US auto giant Ford Motor Co. is to plow $1.05 billion into a plant in South Africa, a clear signal of the disdain for Nigeria and of the failure of its moribund auto policy.
This investment is Ford’s biggest-ever investment in the country — as the carmaker scales back in other regions including Brazil and Europe.
It contrasts starkly with the failure of Africa’s biggest economy to attract any meaningful investment into its auto industry.
Nigeria’s so called auto policy emphasised growing government revenues by simply raising tariff on imported vehicles and seeking to punish struggling Nigerians who have had no other option.
Industry experts and investors say what Nigeria needed to attract global auto giants was to create a working financing model that would ensure there were buyers for cars made in the country.
According to one economist, “Nigeria’s problem was never about price competitiveness and so it was not going to be solved by raising tariff. Nigerians are simply not in a position to afford enough units of locally built vehicles to attain scale and make any such investment viable.”
Ford’s upgrades to its South African plant near the capital, Pretoria, will boost the site’s annual capacity by almost a fifth to 200,000 units and create about 1,200 direct jobs, the company said in a statement on Tuesday.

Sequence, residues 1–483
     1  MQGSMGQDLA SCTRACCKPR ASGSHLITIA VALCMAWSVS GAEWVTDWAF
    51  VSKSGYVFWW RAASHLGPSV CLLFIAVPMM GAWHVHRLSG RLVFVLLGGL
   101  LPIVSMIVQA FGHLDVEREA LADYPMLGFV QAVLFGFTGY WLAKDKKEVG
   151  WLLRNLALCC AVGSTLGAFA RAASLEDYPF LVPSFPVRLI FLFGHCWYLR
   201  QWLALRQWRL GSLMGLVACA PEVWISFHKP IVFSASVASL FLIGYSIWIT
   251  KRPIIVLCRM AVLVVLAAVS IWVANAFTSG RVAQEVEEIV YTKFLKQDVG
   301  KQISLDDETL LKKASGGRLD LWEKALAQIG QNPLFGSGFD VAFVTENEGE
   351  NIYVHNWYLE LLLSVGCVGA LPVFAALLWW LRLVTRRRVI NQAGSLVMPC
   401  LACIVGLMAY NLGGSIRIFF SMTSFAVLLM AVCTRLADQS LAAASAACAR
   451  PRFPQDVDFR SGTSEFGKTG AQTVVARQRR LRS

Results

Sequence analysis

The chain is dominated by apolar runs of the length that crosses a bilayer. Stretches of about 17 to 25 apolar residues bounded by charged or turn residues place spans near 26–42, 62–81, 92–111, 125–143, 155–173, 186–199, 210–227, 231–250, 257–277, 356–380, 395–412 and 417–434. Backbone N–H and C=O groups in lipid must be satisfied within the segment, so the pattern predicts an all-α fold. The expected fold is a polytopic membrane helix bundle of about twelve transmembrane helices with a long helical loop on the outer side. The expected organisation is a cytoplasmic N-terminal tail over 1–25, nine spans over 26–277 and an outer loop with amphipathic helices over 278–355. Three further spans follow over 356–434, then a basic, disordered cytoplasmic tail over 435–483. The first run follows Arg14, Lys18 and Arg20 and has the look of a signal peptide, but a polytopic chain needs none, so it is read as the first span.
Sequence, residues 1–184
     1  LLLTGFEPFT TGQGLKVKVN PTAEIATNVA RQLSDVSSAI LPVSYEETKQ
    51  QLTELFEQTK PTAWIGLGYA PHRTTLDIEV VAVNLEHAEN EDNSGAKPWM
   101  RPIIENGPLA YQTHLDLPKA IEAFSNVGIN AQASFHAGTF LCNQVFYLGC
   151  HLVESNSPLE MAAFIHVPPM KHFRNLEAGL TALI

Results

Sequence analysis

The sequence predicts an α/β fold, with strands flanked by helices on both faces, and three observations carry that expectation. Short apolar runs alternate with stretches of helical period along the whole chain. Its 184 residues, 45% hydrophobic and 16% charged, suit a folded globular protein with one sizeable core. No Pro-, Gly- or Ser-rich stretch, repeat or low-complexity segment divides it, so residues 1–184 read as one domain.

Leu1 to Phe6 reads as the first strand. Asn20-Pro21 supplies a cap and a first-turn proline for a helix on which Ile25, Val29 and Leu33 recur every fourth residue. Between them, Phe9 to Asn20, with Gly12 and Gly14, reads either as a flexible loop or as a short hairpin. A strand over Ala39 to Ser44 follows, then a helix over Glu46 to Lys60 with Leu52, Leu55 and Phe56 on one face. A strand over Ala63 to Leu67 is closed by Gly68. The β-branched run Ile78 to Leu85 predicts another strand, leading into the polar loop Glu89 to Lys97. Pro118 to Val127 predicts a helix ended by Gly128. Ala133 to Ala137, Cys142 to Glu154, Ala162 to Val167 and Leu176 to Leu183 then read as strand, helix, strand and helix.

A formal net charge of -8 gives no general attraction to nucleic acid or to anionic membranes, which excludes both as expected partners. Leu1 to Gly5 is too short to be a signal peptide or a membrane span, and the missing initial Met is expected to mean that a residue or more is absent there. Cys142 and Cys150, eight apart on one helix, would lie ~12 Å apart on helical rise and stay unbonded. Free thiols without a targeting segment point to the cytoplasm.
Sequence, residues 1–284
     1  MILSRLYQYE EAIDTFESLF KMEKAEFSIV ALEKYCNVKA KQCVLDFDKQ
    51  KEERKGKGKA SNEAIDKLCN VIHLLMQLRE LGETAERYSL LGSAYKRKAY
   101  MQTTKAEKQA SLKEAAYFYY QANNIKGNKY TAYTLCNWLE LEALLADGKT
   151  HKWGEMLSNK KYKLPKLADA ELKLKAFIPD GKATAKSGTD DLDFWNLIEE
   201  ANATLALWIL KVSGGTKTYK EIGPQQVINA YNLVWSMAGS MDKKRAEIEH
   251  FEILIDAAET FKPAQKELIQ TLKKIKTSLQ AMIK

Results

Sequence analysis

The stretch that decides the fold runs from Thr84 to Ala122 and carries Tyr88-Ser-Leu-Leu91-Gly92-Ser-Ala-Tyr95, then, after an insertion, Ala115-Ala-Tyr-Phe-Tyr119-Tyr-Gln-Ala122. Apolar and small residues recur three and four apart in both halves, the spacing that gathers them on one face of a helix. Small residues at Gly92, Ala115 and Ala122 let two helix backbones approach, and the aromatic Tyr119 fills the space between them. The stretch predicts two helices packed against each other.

The outlay will support production of a new Ranger pickup truck starting in 2022, both for domestic sales and exports.
The move comes after Ford said last month it will cease production in Brazil after a century of building cars there, closing three factories and cutting 5,000 workers.
The Dearborn, Michigan-based company has also eliminated thousands of positions in Europe as part of a sweeping $11 billion global reorganization, and culled about 1,400 salaried employees in the U.S. in 2020.
“This will help to expand and transform our country’s manufacturing base,” South African President Cyril Ramaphosa said in a speech at the Silverton site.
“The plan is “a clear statement of the company’s confidence in this development and its ambitions for its South African business.”
Ford’s investment is tied to prospects for the Ranger, one of the top threelight commercial vehicles sold in the country last year, Andrea Cavallaro, director of operations at the carmaker’s International Markets Group, said in an interview.
The country’s trade agreements and the government’s willingness to listen to infrastructure requirements also factored into the move, he said.
“The transformation here in South Africa is not just about the next model,” Cavallaro said. “We want it to be a huge hub for the export of this product — it is a global product and is hugely successful. It was an easy decision.”
Ford’s fresh investment and jobs will come as a welcome boost to South Africa, where almost a third of the workforce is unemployed.
The country has been hit hard by the coronavirus pandemic, with lockdowns and a resurgence of infections weighing on activity, and 2020 economic output probably contracted the most in at least nine decades.
Yet the auto industry has been one success story, with international carmakers including Toyota Motor Corp., Volkswagen AG and BMW AGoperating plants in the country.
The companies benefit from a manufacturing-incentive plan that runs through 2035, and Nissan Motor Co. and Daimler AG’s Mercedes-Benz are among those to have announced additional local investment in recent years.